Known as one of the finest pianists of the past 50 years, Eddie Palmieri is a bandleader, arranger and composer of salsa and Latin jazz. His playing skillfully fuses the rhythm of his Puerto Rican heritage with the complexity of his jazz influences: Thelonious Monk, Herbie Hancock, McCoy Tyner as well as his older brother, Charlie Palmieri.

Palmieri’s parents emigrated from Ponce, Puerto Rico, to New York City in 1926. Born in Spanish Harlem and raised in the Bronx, Palmieri learned to play the piano at an early age, and at 13, he joined his uncle’s orchestra, playing timbales.

Palmieri’s professional career as a pianist took off with various bands in the early 1950s including Eddie Forrester’s, Johnny Segui’s and the popular Tito Rodriguez Orchestra. In 1961 Palmieri formed his own band, La Perfecta, which featured an unconventional front line of trombones rather than the trumpets customary in Latin orchestras. This created an innovative sound that mixed American jazz into Afro-Caribbean rhythms, surprising critics and fans alike. Palmieri disbanded La Perfecta in 1968 to pursue different musical endeavors, though he would return to the band’s music in the 2000s.

Palmieri perfected his arranging skills in the 1970s by releasing several impressive recordings that reflected his unorthodox approach to music. His unconventional style would once again surprise critics and fans with the 1970 release entitled Harlem River Drive. This recording was the first to merge what were categorized as “Black” and “Latin” music into a free-form sound that encompassed elements of salsa, funk, soul and jazz. In 1975 Palmieri won the first-ever Grammy® for Best Latin Recording for The Sun of Latin Music. He’s won ten Grammys® altogether to date, including two for his influential recording with Tito Puente, Obra Maestra/Masterpiece.

Recognizing Palmieri as an American icon, the Smithsonian’s National Museum of American History in Washington, DC, recorded two of Palmieri’s performances for its archives in 1988. Because of Palmieri’s proclivity for creating music in funk Latin style, Little Louie Vega invited him to record on Nuyorican Soul (1997), a release that became very popular in the house and underground music scenes.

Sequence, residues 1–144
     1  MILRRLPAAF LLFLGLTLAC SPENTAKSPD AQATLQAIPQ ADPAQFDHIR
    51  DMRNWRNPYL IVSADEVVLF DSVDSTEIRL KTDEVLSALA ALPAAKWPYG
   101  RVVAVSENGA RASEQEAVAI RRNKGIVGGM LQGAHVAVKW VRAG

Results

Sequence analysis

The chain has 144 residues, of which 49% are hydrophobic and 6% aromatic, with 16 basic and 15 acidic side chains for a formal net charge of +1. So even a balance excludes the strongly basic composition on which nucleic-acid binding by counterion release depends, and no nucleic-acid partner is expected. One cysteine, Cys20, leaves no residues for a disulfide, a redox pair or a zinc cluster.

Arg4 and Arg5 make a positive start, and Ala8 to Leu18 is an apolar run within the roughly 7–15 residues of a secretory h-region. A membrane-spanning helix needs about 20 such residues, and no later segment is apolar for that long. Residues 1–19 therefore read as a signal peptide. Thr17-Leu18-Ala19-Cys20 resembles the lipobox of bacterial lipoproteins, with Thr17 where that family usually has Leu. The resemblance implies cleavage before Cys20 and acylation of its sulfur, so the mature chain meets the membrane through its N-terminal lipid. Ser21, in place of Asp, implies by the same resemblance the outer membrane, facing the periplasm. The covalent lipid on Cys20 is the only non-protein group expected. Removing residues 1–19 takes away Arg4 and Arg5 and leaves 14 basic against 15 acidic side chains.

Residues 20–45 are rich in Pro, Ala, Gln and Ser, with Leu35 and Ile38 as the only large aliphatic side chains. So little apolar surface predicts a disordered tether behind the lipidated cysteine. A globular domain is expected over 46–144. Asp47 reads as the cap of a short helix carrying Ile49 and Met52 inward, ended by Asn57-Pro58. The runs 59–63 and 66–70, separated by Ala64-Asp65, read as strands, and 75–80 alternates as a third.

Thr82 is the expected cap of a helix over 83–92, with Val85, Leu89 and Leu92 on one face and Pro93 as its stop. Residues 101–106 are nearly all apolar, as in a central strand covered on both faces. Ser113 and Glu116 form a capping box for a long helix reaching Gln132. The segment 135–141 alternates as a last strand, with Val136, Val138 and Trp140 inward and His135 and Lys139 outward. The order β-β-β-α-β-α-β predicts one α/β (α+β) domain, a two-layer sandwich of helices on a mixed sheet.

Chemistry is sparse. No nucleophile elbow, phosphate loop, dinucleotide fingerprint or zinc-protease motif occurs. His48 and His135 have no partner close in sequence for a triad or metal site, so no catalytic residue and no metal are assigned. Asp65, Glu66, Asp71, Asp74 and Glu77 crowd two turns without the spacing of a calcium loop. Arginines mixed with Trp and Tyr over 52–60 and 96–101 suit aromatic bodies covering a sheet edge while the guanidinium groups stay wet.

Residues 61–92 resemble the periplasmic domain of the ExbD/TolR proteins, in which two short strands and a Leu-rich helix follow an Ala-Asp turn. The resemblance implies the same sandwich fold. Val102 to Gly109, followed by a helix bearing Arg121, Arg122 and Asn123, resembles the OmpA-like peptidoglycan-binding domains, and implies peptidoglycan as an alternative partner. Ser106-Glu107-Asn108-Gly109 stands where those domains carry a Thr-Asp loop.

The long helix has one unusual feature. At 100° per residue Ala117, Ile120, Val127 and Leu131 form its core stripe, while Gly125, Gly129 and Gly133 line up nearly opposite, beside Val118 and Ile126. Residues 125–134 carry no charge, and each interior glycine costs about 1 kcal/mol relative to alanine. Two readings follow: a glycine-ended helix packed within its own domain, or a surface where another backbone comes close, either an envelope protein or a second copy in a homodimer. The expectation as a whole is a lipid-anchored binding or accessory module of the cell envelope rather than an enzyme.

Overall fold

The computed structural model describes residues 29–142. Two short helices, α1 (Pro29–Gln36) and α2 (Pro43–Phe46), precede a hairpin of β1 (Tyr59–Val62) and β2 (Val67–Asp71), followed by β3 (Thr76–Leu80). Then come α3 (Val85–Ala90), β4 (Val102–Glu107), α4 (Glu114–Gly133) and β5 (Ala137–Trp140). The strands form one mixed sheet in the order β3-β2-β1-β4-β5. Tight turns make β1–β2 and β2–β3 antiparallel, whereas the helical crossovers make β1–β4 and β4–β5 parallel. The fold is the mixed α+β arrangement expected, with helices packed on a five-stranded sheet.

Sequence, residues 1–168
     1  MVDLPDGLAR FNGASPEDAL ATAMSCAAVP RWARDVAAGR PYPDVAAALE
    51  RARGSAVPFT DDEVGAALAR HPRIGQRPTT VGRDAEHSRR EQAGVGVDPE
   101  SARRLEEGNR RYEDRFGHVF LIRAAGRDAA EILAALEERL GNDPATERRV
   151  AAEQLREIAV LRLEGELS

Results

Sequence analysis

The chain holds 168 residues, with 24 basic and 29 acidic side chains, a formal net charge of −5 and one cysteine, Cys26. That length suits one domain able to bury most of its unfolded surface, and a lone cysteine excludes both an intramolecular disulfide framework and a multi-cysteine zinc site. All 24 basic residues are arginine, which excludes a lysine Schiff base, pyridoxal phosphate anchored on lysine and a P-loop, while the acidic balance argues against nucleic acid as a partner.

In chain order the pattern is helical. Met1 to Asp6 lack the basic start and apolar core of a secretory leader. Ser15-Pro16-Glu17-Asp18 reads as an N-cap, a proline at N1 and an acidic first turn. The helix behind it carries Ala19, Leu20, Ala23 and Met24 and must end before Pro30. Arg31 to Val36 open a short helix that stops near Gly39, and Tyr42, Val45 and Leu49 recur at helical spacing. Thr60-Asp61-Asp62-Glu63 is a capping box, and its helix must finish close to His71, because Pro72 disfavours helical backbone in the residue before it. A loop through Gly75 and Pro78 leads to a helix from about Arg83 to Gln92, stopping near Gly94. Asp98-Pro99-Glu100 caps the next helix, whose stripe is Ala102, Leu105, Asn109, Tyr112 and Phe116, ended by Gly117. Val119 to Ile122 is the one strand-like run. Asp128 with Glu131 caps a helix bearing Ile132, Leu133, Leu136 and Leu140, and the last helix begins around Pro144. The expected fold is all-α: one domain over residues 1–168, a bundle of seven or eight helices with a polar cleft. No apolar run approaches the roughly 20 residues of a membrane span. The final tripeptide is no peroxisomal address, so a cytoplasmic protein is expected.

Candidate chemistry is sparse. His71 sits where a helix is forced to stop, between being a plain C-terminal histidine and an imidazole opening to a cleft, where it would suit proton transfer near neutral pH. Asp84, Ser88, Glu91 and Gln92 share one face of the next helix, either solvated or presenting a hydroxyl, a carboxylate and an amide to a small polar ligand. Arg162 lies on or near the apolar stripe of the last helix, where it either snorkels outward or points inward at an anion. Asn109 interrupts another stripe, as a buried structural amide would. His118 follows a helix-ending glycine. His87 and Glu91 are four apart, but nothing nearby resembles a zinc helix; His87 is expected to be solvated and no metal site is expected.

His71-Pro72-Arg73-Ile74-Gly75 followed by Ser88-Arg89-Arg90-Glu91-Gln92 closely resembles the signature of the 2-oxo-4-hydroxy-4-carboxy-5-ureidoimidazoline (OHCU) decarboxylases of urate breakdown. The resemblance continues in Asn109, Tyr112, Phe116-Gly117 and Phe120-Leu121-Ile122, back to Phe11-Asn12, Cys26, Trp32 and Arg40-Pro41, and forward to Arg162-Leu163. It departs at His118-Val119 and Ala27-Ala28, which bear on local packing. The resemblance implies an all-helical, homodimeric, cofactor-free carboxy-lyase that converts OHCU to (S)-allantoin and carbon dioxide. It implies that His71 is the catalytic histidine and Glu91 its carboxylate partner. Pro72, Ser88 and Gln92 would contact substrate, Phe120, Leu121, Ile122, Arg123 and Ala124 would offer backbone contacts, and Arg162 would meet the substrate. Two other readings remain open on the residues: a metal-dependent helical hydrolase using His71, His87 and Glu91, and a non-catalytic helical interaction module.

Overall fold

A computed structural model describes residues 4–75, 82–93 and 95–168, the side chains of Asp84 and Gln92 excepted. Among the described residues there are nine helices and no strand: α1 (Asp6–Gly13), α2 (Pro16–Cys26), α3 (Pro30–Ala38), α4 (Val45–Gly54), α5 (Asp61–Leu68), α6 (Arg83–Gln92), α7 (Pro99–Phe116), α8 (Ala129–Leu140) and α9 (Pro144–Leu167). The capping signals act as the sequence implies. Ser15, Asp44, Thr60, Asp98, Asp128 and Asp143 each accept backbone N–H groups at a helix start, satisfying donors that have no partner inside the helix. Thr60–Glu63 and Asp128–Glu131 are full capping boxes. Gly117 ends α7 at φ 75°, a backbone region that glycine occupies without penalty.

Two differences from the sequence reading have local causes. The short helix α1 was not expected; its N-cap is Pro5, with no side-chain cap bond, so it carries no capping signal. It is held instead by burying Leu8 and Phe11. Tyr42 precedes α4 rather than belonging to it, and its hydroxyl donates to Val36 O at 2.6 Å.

In addition to the Grammys®, Palmieri has received numerous honors: the Eubie Blake Award (1991); Most Exciting Latin Performance, presented by the BBC in London (2002); Yale University’s Chubb Fellowship, usually reserved for international heads of state, but given to Palmieri in recognition of his work building communities through music (2002); the Harlem Renaissance Award (2005); the Jay McShann Lifetime Achievement Award (2008), induction into the Oklahoma Jazz Hall of Fame (2008). A year later, the Library of Congress added Palmieri’s composition “Azucar Pa’ Ti” to the National Recording Registry, which at the time only included 300 compositions documenting all of recorded music history in the U.S. With his widely played eight-and-a-half minute “Azucar Pa’ Ti,” Palmieri changed the format of popular music, breaking through the previous three-and-a-half minute barrier generally imposed by the recording industry.

In 2012 Palmieri continued to innovate, celebrating 75 years with new music included in the original score for a documentary (co-directed by Bobbito Garcia) called Doin’ It in the Park that explores the cultural influence of playground basketball on sports and music. This was Palmieri’s first time recording his own new music since winning back-to-back Grammys® in 2005 and 2006. The songs featured in the documentary became part of Palmieri’s next full-length album, Sabiduria, released in 2014. Sabiduria is a fusion of jazz, funk and Latin fused with Afro-world rhythms.

In 2013 Eddie Palmieri was awarded the coveted Jazz Master award by the National Endowment of the Arts. The NEA Jazz Master award is the highest honor an American Jazz artist can receive. Palmieri was also awarded a Lifetime Achievement Award by the Latin Academy of Recording Arts & Sciences.